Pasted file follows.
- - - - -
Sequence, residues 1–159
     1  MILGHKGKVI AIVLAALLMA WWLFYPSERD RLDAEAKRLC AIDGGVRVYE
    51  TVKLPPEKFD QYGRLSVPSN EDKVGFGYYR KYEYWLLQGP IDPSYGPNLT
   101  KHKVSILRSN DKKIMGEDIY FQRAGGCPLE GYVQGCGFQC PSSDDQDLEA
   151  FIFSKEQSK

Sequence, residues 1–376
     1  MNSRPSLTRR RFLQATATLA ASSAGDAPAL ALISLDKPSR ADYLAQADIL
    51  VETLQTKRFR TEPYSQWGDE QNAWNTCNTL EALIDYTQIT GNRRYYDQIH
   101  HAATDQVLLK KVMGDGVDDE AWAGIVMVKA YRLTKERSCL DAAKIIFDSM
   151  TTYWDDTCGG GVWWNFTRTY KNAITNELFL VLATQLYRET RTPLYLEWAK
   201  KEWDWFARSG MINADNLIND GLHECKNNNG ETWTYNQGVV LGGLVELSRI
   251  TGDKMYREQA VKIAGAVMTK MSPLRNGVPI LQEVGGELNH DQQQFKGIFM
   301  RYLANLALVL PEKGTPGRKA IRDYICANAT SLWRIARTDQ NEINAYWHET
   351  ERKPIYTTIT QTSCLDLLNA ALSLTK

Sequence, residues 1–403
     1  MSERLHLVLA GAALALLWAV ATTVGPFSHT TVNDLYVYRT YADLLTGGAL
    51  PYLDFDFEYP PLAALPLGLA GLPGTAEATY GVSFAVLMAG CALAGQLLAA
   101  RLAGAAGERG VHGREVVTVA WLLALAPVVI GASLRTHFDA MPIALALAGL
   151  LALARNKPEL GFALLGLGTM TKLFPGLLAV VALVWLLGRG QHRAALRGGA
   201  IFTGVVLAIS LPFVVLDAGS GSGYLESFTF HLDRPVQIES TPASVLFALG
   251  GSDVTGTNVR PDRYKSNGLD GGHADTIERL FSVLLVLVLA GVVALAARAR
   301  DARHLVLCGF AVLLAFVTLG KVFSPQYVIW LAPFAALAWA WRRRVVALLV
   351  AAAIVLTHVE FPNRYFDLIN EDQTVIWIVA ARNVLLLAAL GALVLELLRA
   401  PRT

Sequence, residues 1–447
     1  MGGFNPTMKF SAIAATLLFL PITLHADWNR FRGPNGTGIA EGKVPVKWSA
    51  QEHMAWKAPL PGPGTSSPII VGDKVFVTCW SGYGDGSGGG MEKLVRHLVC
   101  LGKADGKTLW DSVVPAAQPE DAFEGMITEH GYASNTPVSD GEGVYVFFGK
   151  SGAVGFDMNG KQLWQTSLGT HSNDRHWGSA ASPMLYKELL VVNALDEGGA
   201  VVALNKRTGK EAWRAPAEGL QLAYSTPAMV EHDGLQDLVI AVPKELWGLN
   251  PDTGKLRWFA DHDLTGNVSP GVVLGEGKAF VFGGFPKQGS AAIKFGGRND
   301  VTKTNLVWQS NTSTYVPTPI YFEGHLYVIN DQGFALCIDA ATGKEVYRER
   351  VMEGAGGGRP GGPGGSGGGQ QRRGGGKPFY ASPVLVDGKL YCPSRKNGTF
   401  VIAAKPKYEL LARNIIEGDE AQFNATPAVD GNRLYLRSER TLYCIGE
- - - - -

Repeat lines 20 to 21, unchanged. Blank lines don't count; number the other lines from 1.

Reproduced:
   201  IFTGVVLAIS LPFVVLDAGS GSGYLESFTF HLDRPVQIES TPASVLFALG
   251  GSDVTGTNVR PDRYKSNGLD GGHADTIERL FSVLLVLVLA GVVALAARAR